High capacity.

Negligible maintenance.

Modest weight to energy ratio.

It should be charged if storage.

High charging time.

Deep discharge and charge cycles reduce life tune.

Serious environmental effect at disposal. Acid spillage can happen.

Nickel-Cadmium (Ni- Cd) batteiy

Ultra-fast charge is possible.

Needs maintenance.

Long life.

Good performance at low temperature.

Memory effect. Cadmium is toxic. High self-discharge. Low cell voltage.

Nickel-Metal hydride (Ni-MeH) batteiy

Good energy density performance.

No environmental constraints, like Ni-Cd. Ni-Cd batteries can be sunply replaced with Ni-MeH.

Good low temperature operation.

Deep discharge limits the life cycle. Limited discharge current.

Complex charge algorithm.

High self-discharge.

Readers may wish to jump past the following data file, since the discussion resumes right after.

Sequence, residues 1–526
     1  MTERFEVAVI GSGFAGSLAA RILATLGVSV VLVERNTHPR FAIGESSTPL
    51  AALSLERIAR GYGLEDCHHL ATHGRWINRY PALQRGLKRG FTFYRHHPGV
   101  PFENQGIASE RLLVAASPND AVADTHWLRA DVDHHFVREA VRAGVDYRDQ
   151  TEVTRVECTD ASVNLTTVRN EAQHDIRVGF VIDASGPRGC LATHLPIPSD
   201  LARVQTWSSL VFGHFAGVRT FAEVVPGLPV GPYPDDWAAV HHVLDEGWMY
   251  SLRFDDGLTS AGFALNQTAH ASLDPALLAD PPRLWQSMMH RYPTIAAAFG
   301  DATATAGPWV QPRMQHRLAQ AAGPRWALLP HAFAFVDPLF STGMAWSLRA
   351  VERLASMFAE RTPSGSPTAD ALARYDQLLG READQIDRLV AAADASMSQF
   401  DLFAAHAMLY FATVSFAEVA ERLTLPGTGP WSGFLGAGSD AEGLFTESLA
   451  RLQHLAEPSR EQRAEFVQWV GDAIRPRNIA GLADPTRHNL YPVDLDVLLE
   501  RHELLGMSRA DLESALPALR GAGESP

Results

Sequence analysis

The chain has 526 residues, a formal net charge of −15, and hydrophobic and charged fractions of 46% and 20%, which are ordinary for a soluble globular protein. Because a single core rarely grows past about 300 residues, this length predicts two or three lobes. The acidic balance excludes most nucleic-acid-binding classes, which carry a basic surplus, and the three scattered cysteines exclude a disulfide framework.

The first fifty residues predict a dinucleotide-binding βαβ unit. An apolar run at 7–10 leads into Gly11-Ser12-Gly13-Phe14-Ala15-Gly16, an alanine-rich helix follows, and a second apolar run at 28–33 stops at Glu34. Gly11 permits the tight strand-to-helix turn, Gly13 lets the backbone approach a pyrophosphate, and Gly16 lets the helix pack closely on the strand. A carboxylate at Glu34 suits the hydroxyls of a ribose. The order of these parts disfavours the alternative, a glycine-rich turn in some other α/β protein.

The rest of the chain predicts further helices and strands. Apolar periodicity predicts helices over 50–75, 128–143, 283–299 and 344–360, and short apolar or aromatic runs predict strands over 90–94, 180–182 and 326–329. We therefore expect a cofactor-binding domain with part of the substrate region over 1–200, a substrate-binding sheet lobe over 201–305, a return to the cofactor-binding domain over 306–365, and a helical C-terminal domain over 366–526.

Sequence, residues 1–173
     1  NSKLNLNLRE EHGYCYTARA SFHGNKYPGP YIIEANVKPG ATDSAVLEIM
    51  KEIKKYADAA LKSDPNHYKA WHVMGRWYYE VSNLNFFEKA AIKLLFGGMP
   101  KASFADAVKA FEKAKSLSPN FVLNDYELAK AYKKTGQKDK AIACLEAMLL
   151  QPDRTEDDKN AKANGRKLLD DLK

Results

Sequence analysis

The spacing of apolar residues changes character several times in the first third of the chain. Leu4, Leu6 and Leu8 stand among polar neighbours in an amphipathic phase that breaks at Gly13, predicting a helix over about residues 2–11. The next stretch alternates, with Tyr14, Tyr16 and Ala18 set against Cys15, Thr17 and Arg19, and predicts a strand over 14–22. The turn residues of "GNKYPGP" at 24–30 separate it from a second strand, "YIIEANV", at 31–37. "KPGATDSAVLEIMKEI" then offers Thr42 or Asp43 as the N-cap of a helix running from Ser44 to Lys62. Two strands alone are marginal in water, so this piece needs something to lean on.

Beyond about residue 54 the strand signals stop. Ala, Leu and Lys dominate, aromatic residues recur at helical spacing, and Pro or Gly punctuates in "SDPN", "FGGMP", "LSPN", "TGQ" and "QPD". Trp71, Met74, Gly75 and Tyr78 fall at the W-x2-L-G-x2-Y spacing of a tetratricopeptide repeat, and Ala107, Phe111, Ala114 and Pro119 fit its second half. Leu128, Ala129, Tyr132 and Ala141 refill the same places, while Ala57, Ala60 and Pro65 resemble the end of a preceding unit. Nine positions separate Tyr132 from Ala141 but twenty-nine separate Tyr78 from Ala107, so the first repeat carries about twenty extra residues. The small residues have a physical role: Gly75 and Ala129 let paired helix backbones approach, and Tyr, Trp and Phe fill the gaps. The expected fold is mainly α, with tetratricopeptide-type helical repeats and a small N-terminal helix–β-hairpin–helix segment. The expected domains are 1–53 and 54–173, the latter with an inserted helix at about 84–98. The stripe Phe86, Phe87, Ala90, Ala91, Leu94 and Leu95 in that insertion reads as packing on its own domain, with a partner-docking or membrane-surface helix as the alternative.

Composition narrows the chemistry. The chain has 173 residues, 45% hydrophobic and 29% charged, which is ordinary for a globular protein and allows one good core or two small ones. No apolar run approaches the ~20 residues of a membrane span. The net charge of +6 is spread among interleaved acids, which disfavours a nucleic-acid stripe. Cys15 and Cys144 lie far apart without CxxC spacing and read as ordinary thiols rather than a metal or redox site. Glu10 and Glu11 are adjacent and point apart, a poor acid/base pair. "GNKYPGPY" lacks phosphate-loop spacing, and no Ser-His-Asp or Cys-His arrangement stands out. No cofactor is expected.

Lithium-ion (Li-Ion) batteiy

Long life, no maintenance.

Low internal resistance, high capacity. Simple charge and reasonable charge tune.

Possible thermal runaway, protection is needed. Degradation at high temperature.

Modest low temperature performance.

Special regulations for large quantity transport.

Table 3. Data of different batteries (Rechargeable battery, 2019).


Cell voltage


Energy by weight (Wh/kg)





Average energy cost ($/kVh)



Life time
































The different features of the batteries can be quantified if we define certain numbers that represent their performance. These numbers help to compare and rank the batteries. Such a comparison is shown in Table 3.

The comparison of the numbers explains why the Li-ion battery is selected for the electric cars. The partner of the Li in the cathode can be Cobalt Oxide (or Lithium Cobaltate), Manganese Oxide (or Lithium Manganate). Iron Phosphate, Nickel Manganese Cobalt (or NMC) and Nickel Cobalt Aluminum Oxide (or NCA).

It is an important issue for batteiy producers and researchers to create a battery that can store large amounts of electrical energy and can be charged in a very short time. Currently the charge time ranges from half an hour (quick charge to 80% of battery capacity) to 24 hours; in comparison, the “charge” time of gasoline cars is a few minutes.